[Python-Dev] why The Trick can't work
jacobs at penguin.theopalgroup.com
Sun Oct 19 10:33:00 EDT 2003
On Sun, 19 Oct 2003, Alex Martelli wrote:
> On Sunday 19 October 2003 00:44, Scott David Daniels wrote:
> > I'm afraid I'm confused here. If the C code is like:
> > ... at this point PTR refers to an object with refcount 1
> > OTHER = <invoke sortcopy>(PTR)
> > ... Then it might be that PTR == OTHER ...
> > What possible harm could come? The C code should expect a
> > sortcopy method to recycle the object referred to by PTR
> > if "the Trick" isn't used.
> No! The point of a sorted *copy* is to NOT "recycle the object",
> else you'd just call PyList_Sort. There is no precedent for a C
> function documented as "may steal a reference if it feels like it
> but need not". Without The Trick, PTR* is unchanged -- so it
> cannot be changed by The Trick without exposing weirdness
> for such a C-coded extension in these circumstances.
Even worse, the C code may not know that it is calling a copy sort, and
assume that the new object is distinct from the original. I'm not saying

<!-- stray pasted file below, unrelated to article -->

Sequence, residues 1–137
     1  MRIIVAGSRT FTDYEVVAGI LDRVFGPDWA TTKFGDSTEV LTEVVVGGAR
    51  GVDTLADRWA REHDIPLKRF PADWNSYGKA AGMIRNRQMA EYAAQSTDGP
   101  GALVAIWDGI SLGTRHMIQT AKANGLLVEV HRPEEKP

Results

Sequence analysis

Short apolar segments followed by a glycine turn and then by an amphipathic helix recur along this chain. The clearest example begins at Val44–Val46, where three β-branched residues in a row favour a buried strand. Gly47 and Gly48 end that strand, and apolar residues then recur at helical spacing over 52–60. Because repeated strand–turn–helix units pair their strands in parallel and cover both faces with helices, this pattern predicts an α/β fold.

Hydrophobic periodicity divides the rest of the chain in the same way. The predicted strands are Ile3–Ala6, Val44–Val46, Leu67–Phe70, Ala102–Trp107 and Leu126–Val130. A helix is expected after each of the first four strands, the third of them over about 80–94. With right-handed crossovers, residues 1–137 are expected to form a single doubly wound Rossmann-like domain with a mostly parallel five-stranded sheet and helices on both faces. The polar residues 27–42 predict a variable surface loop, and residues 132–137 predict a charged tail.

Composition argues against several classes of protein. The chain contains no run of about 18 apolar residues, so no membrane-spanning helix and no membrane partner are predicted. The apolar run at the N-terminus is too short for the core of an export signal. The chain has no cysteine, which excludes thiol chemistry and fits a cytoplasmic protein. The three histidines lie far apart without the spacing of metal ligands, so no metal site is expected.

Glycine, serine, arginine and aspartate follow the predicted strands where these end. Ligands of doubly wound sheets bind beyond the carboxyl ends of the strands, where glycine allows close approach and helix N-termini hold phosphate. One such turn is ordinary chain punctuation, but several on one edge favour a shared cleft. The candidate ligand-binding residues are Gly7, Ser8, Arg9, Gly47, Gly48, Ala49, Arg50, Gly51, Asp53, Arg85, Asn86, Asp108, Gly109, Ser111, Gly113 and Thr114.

that such C code is optimal, or even correct, but I suspect that a great
deal of it does exist. Even worse than that is the possibility that a list
subclass can change the behavior of copysort in such a way that it changes
the refcount of the object and within the copysort call. This could
confound any code naively attempting to use refcounts to detect the
"optimization", either by masking a copy or masking the lack of a copy.
So I'm not saying that it isn't a neat idea, but it does present more
problems than it solves. Besides that, I find it no burden to copy then
sort, or write a utility function that does so -- and I manage a project
with well over 1 million lines of Python/C-extension code at the moment.
The OPAL Group - Enterprise Systems Architect
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